Local Places for Nature garden wins top conservation award

A Local Places for Nature wildlife garden created at Coleg Cambria in Flintshire has won an award for conservation.

The new wildlife corridor and wellbeing garden at Coleg Cambria received a prize in the Business category at the inaugural Bionet Awards, held at Venue Cymru, Llandudno.

Bionet, the local nature partnership for North East Wales, praised the creation of a biodiverse area featuring more than 2,000 native bulbs, fruit trees, hedgerows, bird, bat and hedgerow boxes and a sanctuary where students, staff and the community can improve their health and wellbeing.

Classroom assistant Brian Valentine and a group of Jobs Growth Wales+ learners, staff and members of the Construction Trainee Academy began work on the 40 square metre site 12 months ago as part of our Local Places for Nature project.

To win this award less than 12 months after the garden and wildlife corridor opened is a huge honour for us. As it’s a living, breathing project it will continue to evolve and grow, but this gives us a platform to do even more in the years ahead. Other departments and the college as a whole will benefit from this initiative long-term as we have included development and maintenance of the site into our class schedule, working in partnership with stakeholders such as Keep Wales Tidy and local businesses.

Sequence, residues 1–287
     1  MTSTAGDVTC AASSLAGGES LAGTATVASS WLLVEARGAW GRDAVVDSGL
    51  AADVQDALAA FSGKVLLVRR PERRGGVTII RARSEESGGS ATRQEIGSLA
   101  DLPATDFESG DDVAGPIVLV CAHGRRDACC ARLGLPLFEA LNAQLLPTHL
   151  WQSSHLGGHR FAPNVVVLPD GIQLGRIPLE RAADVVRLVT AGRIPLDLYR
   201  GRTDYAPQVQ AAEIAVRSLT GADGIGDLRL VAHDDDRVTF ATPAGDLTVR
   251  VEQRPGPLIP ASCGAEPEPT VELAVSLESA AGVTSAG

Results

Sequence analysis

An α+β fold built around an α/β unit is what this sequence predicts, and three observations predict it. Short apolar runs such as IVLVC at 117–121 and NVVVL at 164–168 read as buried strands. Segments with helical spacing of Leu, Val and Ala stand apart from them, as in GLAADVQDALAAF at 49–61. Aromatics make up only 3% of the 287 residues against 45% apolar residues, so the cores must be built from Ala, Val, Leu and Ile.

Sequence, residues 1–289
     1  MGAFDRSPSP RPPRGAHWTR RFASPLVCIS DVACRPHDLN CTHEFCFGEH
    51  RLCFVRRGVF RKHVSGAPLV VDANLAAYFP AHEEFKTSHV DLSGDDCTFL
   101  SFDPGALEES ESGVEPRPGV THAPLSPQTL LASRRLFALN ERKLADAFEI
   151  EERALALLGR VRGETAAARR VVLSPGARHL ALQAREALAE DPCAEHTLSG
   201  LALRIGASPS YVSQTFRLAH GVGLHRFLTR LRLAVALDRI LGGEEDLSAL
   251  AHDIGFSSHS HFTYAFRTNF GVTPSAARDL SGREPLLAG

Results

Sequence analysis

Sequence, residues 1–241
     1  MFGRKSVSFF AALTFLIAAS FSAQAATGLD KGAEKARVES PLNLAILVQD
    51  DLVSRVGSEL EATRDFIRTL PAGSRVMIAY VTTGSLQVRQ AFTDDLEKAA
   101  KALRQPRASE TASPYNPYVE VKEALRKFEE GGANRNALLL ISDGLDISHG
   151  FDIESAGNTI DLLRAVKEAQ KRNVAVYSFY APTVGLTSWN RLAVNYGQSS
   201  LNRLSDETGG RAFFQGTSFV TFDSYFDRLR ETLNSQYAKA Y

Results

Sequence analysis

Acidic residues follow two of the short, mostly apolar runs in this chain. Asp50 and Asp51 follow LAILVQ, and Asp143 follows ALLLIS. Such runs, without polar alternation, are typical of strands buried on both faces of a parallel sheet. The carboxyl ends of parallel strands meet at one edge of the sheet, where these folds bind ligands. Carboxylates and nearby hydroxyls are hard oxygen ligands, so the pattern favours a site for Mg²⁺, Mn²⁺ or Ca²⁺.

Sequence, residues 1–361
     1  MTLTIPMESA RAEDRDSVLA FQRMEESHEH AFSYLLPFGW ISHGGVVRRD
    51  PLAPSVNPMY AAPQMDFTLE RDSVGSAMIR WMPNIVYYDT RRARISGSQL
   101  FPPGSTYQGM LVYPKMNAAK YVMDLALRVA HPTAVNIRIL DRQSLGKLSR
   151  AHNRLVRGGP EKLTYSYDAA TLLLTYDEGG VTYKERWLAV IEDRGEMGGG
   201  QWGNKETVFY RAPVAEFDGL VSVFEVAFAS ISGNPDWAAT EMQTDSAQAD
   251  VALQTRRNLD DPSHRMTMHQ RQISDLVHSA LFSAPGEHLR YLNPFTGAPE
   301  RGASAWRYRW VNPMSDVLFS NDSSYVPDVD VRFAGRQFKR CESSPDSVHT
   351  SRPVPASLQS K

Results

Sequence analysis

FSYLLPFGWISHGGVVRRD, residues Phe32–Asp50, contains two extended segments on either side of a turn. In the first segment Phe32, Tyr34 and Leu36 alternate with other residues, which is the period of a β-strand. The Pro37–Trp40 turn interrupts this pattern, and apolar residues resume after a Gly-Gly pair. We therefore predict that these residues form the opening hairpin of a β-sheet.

Brian Valentine
Coleg Cambria Classroom Assistant

The garden is one of 900 green spaces created, restored and enhanced across the country thanks to Local Places for Nature funding. The project is funded by the Welsh Government’s Local Places for Nature programme which is run by The National Lottery Heritage Fund in Wales

It’s been a pleasure helping Coleg Cambria create such a beautiful Local Places for Nature garden. Thank you to the passionate staff, volunteers and pupils for making it possible. This garden will benefit the local community and wildlife for many years to come.

Wendy Jones
Keep Wales Tidy Project Officer for Flintshire

Not only do the gardens benefit local wildlife and nature, but they also make a difference to the physical and mental well-being of those involved now, and in the future.

This is a fantastic achievement and we’re delighted that one of our Local Places for Nature funded gardens has been formally recognised by Bionet for having such a huge impact on the environment, wildlife and wellbeing of staff, students and visitors at the college. This award demonstrates just how important creating nature on your doorstep is for both people and wildlife.

Louise Tambini
Keep Wales Tidy Deputy Chief Executive

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